The award of the Nobel Peace Prize to Iranian human rights campaigner Shirin Ebadi has sparked some sharp comment in the Iranian media.
State-owned radio and television were slow to report the news and kept their coverage to a bare minimum, but reaction in the press was divided along standard conservative and reformist lines.
Hardliners' dissatisfaction at the award was reflected in comment in Jomhuri-ye Eslami.
The paper said it was "noteworthy" that Ms Ebadi "had a file in Iranian courts", adding: "She is an ex-convict."
"It has been said that the aforementioned person has maintained contacts with organisations outside the country under the pretext of supporting human rights and children's rights.
She has been involved in activities against the Islamic republican state of Iran under the pretext of the aforementioned activities," it commented.
The editor of the conservative newspaper Entekhab, cleric Taha Hashemi, suggested that the committee had an ulterior motive in awarding the prize to Ms Ebadi.
In an interview with the Iranian Students News Agency ISNA he said: "Unfortunately, we can see that certain currents of opinion, as well as those who have ulterior political motives, are trying to impose their views even on institutions which should not be politicised at all."
"The prize would never have been given to Ebadi without taking into consideration the views of Americans and their express wishes," he continued.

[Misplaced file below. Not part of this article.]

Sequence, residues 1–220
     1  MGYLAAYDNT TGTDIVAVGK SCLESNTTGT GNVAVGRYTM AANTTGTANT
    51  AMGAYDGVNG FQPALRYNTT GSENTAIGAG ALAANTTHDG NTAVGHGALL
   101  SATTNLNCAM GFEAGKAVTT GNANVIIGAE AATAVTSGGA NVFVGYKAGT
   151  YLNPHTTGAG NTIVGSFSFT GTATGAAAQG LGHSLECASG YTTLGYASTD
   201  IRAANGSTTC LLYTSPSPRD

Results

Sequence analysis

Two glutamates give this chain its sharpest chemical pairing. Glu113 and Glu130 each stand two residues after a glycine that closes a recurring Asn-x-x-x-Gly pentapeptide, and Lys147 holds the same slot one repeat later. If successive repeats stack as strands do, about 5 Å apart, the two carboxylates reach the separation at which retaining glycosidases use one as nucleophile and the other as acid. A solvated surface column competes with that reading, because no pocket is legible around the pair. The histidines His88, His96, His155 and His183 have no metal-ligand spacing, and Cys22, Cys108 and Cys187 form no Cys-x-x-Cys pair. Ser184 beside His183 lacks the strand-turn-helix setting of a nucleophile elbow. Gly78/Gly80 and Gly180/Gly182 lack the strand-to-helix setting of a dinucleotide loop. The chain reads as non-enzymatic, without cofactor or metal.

By contrast, Iran's reformist newspapers ran the story in a factual but approving way, homing in on comment highlighting Ms Ebadi's "bravery and frankness".
Etemaad said the award was "the top news story in the world."
"The Nobel Prize Committee has explicitly asserted that Ebadi is a brave person who has never taken any notice of the threats to her own life," it added.
The paper also quoted the winner herself as saying the prize "had only doubled her responsibilities in terms of defending human rights and democracy".
Taking a similar line, Mardom-Salari quoted the Nobel committee as saying Ms Ebadi "has always expressed her views candidly".
Iran quoted Ms Ebadi as saying: "This prize does not just belong to me, but it belongs to all the freedom-loving people who are working for democracy, freedom and human rights in Iran."
State-owned Iranian television did not cover the award until its early evening news bulletin on Friday - more than six hours after the news was announced. And then the report consisted of only two sentences and was buried in the 'News in Brief' section.
The report on the main evening news bulletin two hours later topped the "Cultural and Scientific News" section but was only a little longer.
It highlighted Ms Ebadi's work "in the field of children's rights".
Iranian radio broadcast similarly short, factual reports.
By Saturday, the award appeared to have dropped off the broadcast news agenda completely.
BBC Monitoring, based in Caversham in southern England, selects and translates information from radio, television, press, news agencies and the Internet from 150 countries in more than 70 languages.